Instead, get educated. You can find affordable or free personal finance classes through the Cooperative Extension Service, part of the Department of Agriculture. You can also take a fundamentals class for free online from the University of California, Irvine (available through the OpenCourseWare Consortium program.) Crown Financial Ministries and Dave Ramsey's Financial Peace University also offer affordable, semester-long classes on the basics, but with a Christian orientation that promotes zero debt and tithing.

Don't sell yourself short. There is a deep sense of well-being that comes with knowing you can take care of yourself, no matter what happens. Forget about the inheritances for now. Wish your father and your boss wonderful times in their final years, and if a little cash comes along, enjoy it. But don't depend on it.

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larry & gail

I am spending like my LAST check will bounce

August 31 2011 at 2:30 PM Report abuse rate up rate down Reply

There are only three ways to receive and retain wealth
1. Inheritance
2. Marriage
3. Earn it yourself.
The easiest is the third method.

August 31 2011 at 1:54 PM Report abuse rate up rate down Reply
Dr. Jason Cabler

Absolutely right! You have to get educated and learn to change your habits. Even if these people do leave her a lot of money when they die and she completely pays of the debt, it won't be long before she's in debt again because she hasn't changed any habits.

True change in her situation will not happen until she changes the way she's doing things. If she would just take the basic steps of putting together a get out of debt plan and a monthly spending plan that she can stick to, she can be out of debt before these two people die and she can then save that inheritance for her future or enjoy it instead of having to immediately send it elsewhere to cover her debts.

I teach these concepts in my Celebrating Financial Freedom self study course that I've developed. I've seen them work so well to change people's lives. All it takes is a little bit of knowledge and just being dedicated to seeing it through.

August 31 2011 at 9:29 AM Report abuse rate up rate down Reply

WTF! I don't get it!! How and why someone would wait on a windfall that may or may not come especially when they did not earn or save it!!!!

August 31 2011 at 12:56 AM Report abuse +2 rate up rate down Reply
Sam Das

Let sanity prevail...you know what I mean by that...if you leave a legacy channel it to the right place. Don't let you kids or any one else con you. Now here is a pice of advice...if you have substantial ESTATE get of of a State that has Estate or Inheritance Taxes...the last thing you want to do is let your State take some of your money. Good Luck

August 30 2011 at 9:46 PM Report abuse +3 rate up rate down Reply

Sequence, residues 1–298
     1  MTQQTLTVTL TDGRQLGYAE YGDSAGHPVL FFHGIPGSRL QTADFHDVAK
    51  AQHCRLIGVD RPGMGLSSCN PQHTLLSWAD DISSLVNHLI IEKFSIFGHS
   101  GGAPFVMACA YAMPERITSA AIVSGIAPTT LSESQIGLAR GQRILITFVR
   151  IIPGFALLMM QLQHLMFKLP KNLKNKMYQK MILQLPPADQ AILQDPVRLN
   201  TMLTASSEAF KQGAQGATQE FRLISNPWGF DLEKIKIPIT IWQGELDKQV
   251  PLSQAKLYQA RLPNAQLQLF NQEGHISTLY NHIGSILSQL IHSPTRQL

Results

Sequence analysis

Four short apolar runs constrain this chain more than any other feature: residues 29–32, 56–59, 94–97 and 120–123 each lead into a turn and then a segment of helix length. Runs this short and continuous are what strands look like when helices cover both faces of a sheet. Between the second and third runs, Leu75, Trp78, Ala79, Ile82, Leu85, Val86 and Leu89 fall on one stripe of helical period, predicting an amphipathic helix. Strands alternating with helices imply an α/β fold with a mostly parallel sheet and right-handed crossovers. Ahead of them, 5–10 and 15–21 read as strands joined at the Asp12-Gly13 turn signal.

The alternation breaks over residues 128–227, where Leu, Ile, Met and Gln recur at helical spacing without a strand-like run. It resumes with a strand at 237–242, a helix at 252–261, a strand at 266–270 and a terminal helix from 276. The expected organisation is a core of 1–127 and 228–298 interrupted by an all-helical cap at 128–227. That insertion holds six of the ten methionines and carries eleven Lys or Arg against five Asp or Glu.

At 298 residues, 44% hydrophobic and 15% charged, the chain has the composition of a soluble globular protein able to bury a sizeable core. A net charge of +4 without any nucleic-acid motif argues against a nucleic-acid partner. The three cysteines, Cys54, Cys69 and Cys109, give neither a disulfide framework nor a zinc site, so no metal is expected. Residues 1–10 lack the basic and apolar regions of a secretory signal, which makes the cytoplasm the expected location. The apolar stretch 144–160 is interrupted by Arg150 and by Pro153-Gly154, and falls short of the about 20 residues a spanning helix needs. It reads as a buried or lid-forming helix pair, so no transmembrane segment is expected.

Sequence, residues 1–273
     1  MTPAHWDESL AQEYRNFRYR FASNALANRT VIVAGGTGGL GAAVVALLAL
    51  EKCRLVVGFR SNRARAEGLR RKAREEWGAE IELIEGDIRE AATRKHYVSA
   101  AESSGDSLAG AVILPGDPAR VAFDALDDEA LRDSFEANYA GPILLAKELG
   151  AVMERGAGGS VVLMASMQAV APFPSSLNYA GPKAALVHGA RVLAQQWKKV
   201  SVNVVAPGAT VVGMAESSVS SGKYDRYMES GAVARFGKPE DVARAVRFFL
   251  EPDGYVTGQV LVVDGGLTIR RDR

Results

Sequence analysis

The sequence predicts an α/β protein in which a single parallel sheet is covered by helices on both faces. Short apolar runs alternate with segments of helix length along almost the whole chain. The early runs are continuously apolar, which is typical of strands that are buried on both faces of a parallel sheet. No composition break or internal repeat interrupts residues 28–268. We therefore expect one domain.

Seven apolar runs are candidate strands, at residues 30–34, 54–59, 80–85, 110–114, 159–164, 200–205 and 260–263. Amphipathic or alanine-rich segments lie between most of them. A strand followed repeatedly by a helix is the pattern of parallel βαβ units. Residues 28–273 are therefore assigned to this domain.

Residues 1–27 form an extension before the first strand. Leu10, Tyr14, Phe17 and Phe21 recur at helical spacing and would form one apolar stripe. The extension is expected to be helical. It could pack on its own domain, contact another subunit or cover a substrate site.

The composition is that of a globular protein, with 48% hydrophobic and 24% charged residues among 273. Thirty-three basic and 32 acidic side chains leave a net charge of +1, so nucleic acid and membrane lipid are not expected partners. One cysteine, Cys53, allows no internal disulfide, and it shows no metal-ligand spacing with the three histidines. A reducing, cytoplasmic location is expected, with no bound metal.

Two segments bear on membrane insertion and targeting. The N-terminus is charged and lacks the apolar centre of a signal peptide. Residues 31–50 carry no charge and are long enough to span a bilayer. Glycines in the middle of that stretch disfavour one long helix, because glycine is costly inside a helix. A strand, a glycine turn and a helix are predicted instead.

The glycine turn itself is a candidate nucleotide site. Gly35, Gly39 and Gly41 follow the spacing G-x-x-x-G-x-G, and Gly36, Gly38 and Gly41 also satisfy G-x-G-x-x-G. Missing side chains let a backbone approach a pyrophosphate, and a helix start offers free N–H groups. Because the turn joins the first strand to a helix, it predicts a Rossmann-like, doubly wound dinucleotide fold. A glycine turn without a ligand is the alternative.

You shouldn't get anything and you don't deserve anything. I hope those old people go out and spend it all before you get a penny. I have no sympathy for people like you.

August 30 2011 at 9:37 PM Report abuse +2 rate up rate down Reply

You can't live on gravy, you need the meat, which you can live on without gravy. Plan like you'll never get anything, because that senior generation is only one medical procedure away from being destitute anyway. Don't expect inheritance or social security. If they do arrive, then you can have a fun retirement. If they don't, and you've been mature in your saving plans, then you can at least exist. Those who scoff at the ants and live the grasshopper life have an experience coming shortly as the new conditions take effect with social programs.

August 30 2011 at 9:34 PM Report abuse +2 rate up rate down Reply
Sexy Hornball

Its really sick if someone waits for someone they"love" to die, so they can cash in. I hope those that do, get nothing, and the money gets donated to charity : ) I told my parents I dont want a dime... They earned it, they should enjoy it now. if they run out, I will help them. I would love to sit in an antorneys office when he opens the trust and tell the rest of the family there is only 99 cents left! Lol That would mean they lived life to the fullest.. Kids need to work for their money, hell, if they get themselves in a financial mess, they need to dig themselves out. Only then will they appriciate what they have...

August 30 2011 at 8:44 PM Report abuse +3 rate up rate down Reply

If I catch my daughter waiting for her inheritance I will leave it to Warren Buffet instead who will leave it for Bill Gates and that way the government will never ever get a dime of my estate even though both of them want their taxes increased somehow.

Never ever believe what a lefty says because they are pathological liars, but watch very closely what they do instead.

August 30 2011 at 6:43 PM Report abuse +2 rate up rate down Reply

It beats working for a living. Of course, if you are a lefty, anything beats working for a living right?

August 30 2011 at 6:39 PM Report abuse +1 rate up rate down Reply